Also known by its more Christian name, Lammas, aka “Loaf-mas”, Lughnasadh marked the time of year villagers would celebrate the first Harvest, on or around August 1, by baking and sharing bread from the first grain of the season.
Lughnasadh is a cross-quarter day—days that fall directly between equinoxes and solstices—the others being Imbolc (Candlemas), Beltane (May Day), and Samhain (Halloween).
The holiday would have been celebrated by the Celts starting at sundown (on the 31st) until the following day.
July 31 is also Harry Potter’s Birthday! Coincidence?
Today the ancient pagan tradition is carried on by wiccans and is becoming increasingly popular in neopaganism.
When midnight comes and drops silence for sleep,
and dogs and dappled birds are hushed,
The man who remembers the ancient rite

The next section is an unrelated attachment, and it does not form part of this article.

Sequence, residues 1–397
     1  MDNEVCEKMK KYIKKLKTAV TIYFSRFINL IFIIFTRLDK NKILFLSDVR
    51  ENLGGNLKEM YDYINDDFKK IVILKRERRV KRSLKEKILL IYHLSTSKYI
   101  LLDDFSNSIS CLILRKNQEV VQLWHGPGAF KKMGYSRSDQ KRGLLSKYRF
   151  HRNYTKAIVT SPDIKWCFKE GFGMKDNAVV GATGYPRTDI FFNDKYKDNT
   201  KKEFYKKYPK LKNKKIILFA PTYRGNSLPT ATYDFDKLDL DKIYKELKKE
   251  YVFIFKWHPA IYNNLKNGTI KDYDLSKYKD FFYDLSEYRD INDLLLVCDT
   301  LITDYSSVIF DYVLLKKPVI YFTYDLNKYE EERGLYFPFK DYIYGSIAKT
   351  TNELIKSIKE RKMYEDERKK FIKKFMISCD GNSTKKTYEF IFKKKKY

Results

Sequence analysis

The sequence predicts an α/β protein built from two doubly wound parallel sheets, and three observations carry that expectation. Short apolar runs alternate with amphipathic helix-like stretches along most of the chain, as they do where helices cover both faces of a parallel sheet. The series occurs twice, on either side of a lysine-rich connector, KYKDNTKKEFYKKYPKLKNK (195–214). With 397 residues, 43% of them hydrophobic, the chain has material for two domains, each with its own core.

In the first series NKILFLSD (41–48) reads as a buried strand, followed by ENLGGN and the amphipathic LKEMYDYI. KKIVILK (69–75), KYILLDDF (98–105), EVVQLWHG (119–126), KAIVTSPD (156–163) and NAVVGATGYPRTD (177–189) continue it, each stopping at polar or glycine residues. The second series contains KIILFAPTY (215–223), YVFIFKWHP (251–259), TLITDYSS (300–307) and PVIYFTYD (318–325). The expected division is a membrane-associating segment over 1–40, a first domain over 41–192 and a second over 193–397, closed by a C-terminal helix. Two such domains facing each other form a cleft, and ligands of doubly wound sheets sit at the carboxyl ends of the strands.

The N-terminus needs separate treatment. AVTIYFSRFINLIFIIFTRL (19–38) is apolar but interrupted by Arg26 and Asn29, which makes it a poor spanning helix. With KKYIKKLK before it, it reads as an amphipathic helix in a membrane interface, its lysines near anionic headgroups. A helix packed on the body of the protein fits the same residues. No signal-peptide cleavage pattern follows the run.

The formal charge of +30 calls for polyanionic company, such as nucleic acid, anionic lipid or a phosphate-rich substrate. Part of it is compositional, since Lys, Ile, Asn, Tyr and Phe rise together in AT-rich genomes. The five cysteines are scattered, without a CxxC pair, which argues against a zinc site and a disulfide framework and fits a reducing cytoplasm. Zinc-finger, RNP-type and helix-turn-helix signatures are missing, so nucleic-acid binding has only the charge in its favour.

and fears the gods, rises up (barefoot)
And makes a thumb sign between his closed fingers
to avoid some ghostly wraith in the quiet.
When he has washed his hands clean with fountain water,
he turns around after taking black beans,
Glances away and throws, saying: ‘These I release;
I redeem me and mine with these beans.’
The head of the Roman household would, according to Ovid, perform this rite nine times and then, after rinsing his hands, would shout, “Leave, ancestral spirits!” another nine times, purifying his house of those departed whose souls refuse to rest. (The Japanese still observe a similar bean-throwing tradition during the Shinto lunar new year, Setsubun.)
The Roman superstition that Ovid describes was once a public festival known as the Feast of Lemuria, or Lemuralia, decreed by Rome’s co-founder Romulus.
She-wolf suckles Romulus & Remus